Check back in tomorrow for part two, when Gibbs looks at computer models that are predicting how long we'll need to shut down large parts of society to prevent hospitals from being overwhelmed. He also looks at how emerging tests for immunity to the virus could pose thorny ethical issues in the months to come.

Wayt recorded this episode on March 22. The first voice you hear: Governor Jay Inslee of Washington.

JI: "It is not rhetorical or hyperbolic when I say that everyone needs to change their behavior, change the way that we live—temporarily—if we are going to prevent significant loss of life for the people we love in the state of Washington. And when I say everyone, I mean, frankly, everyone. Because we all are potential transmitters of this virus, and we all, to some varying degree, are potential victims of this virus."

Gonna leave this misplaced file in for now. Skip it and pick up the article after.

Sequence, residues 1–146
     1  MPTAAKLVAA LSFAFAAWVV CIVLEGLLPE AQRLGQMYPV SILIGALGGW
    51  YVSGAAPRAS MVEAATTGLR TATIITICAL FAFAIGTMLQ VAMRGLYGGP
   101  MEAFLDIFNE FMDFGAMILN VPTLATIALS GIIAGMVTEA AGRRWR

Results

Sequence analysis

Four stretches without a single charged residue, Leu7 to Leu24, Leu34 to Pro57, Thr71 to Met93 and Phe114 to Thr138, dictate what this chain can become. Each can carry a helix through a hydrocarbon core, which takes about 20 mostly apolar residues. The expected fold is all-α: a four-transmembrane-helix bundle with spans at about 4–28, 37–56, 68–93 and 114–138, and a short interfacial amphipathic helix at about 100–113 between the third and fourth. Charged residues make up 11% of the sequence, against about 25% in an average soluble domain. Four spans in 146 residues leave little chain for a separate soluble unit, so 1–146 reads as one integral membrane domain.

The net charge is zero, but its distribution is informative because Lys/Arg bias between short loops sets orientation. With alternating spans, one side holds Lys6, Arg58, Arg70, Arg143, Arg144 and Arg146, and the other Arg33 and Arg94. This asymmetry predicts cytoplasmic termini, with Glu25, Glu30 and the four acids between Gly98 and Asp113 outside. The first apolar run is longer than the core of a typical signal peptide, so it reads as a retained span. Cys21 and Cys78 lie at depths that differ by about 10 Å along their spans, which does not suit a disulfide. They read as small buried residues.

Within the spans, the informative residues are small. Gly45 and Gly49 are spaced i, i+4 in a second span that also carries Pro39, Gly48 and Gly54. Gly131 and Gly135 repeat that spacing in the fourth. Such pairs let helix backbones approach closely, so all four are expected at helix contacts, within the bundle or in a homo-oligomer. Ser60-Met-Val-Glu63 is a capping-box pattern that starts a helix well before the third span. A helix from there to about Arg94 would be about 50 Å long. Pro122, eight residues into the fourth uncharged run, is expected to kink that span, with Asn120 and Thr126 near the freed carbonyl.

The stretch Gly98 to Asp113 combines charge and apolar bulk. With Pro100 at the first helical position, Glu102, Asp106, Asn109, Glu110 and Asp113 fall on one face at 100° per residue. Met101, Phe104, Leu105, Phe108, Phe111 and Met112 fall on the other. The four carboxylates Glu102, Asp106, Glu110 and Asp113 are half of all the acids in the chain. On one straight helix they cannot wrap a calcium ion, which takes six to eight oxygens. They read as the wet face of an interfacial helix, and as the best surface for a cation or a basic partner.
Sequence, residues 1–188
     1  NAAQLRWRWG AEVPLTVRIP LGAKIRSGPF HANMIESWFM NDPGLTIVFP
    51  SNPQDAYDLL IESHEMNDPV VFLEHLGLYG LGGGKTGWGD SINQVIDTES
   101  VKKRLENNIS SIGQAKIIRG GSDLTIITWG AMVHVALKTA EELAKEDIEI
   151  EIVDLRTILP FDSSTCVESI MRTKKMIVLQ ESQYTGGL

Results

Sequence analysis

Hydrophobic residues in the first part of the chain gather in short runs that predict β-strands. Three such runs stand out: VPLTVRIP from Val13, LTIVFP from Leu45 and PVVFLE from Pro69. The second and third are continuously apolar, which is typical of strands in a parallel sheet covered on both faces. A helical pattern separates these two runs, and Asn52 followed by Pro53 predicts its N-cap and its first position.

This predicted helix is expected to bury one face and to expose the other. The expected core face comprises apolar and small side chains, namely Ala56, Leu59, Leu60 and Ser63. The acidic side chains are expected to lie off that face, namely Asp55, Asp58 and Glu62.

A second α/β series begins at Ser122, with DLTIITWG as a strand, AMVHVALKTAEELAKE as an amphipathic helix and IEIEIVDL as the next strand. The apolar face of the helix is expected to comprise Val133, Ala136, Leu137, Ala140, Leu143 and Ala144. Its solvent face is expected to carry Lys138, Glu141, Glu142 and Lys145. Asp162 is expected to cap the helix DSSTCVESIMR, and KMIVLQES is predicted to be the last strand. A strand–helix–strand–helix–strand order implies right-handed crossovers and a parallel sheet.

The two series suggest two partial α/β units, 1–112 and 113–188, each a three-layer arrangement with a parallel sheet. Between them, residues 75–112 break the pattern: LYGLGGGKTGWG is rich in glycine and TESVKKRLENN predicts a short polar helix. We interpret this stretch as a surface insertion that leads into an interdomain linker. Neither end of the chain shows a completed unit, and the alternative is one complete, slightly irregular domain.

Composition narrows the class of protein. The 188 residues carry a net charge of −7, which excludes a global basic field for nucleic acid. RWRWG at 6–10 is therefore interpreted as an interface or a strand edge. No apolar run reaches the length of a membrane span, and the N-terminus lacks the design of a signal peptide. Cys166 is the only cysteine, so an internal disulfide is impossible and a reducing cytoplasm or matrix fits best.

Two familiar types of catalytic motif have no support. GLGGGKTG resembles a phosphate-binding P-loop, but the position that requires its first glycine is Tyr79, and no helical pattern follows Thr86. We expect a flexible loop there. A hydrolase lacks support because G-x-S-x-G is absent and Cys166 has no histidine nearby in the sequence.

WWG: That was Governor Jay Inslee, pleading with people in my state on March 20 to stay home and stay away from each other. All around the U.S.—and around the world—governors and mayors and prime ministers are urging, begging—in many places even ordering—their citizens to shelter in place.

But it's not easy to resist our hardwired desires to spend time with our friends, to visit our parents and grandparents, to go to work.

So here in Washington, like in lots of other places, compliance has been—kind of spotty. Traffic on some of the major highways here—a good proxy for human intermingling—is down only about 20 percent or so from normal.

But as scientists learn more about the SARS-CoV-2 virus and the COVID-19 pandemic, it's becoming apparent that we're facing a much more serious situation than most of us thought even a couple weeks ago.